SUDEP stands for Sudden Unexpected Death in EPilepsy. If you can guess by the name, we really have no idea how to predict SUDEP and we have just a vague idea of its cause. This is clearly a huge problem and we want to make a big dent in it. 

My brilliant supervisor had the idea that studying the neurons that control sniffing might actually help us understand SUDEP, and hopefully prevent it in the future. 

So why in tarnation would anyone think that?

Epilepsy and Breathing

One of the first key clues about the cause of SUDEP is evidence suggesting that these people may die because they stop breathing, which is soon followed by cardiac arrest [1,
2]. This is a huge step forward but it is also rather unexpected.

More often than not, seizures begin in the temporal lobes of the brain, while breathing is controlled by a few small patches of neurons far away in the brainstem. Therefore, the first big question that we need to answer is, how would disrupted activity in these epileptic brain regions trigger neurons in a totally different area of the brain to make somebody stop breathing?

how tho?
Basically, for this to happen, there has to be an anatomical pathway linking epileptogenic neurons in the temporal lobe to respiratory neurons in the brainstem. I wasn't taught any such pathways in my neuroscience education, but that doesn't mean they don't exist. After some research, we came across some previous work that identified such a pathway in rats [3] and non-human primates [4], suggesting that we may have it in our brains as well. The amygdala, a brain region within each temporal lobe, contains a subregion called the central nucleus, which appears to have neurons that directly project to respiratory areas in the brainstem through the amygdalofugal pathway! Therefore, it seems plausible that when a seizure propagates to neurons in the central amygdala, this activity may reach respiratory neurons in the brainstem where it could disrupt — and maybe halt — ongoing breathing rhythms.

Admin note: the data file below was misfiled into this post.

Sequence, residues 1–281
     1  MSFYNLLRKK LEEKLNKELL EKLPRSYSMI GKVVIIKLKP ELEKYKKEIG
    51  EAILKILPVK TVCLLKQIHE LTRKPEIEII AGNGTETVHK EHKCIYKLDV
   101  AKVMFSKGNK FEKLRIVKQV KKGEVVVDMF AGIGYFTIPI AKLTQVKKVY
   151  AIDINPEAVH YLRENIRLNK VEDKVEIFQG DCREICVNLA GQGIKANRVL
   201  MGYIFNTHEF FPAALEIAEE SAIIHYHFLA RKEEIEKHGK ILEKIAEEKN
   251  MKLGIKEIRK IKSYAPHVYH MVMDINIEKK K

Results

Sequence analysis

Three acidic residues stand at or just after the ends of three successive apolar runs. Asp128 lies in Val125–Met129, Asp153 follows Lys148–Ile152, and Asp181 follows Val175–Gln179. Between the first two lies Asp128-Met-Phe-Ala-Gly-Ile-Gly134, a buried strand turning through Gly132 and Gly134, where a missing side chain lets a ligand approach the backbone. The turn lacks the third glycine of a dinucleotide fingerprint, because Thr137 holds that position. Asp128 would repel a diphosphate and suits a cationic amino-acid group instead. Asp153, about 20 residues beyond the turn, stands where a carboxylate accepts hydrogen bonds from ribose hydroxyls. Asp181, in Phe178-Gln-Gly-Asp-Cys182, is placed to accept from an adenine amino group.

Now, anatomical evidence is good but it’s critical that we to test whether this connection matters. In other words, we need to experimentally test the hypothesis that activating neurons in the central amygdala causes people to stop breathing.

Testing this hypothesis is tricky because you can't just go around making people undergo brain surgery to stick wires in their amygdala and mess with their neurons. In the face of this completely reasonable constraint, many neuroscientists choose to do experiments on non-human animals. This is a totally valid approach but there’s always going to be uncertainty about whether something found in the brain of another species is going to be present in our brains as well. In the end we’re really going to have to test any hypothesis about humans directly in humans to be sure. Fortunately, there is actually a rare and special condition where we can do this. 

Doing Neuroscience with Epilepsy Patients

This kind of surgery has been done
since the 40's!
If you have debilitating, treatment-resistant epilepsy, sometimes neurologists will recommend that you undergo surgery to remove the part of the brain where your seizures originate. This is a difficult and involved procedure that can take days and sometimes weeks. During this treatment, electrodes are surgically implanted in the patient’s brain. Then, the patient is taken off their anti-seizure drugs and monitored 24/7, until they experience several clinical seizures. During the seizures, the electrodes in their brain record data that neurologists and technicians use to try to figure out where the seizures originate. Using up to around one hundred contact sites electrodes they create a 3D map of the epileptogenic site, or the seizure’s starting point, and follow where it spreads through the brain. Once the neurologists are confident that they have found the epileptogenic site, they perform another step before surgically removing it.

The electrodes implanted in the patient’s brain can stimulate as well as record. With electrical neurologists can perturb areas around the resection site to test whether they are responsible for major cognitive functions like language and memory. This is really important because everybody’s brain is a little different and if a part of the patient’s brain that is responsible for say, forming new memories, overlaps with the epileptogenic site, the neurologists can modify the surgery plan to avoid negatively affecting the patient.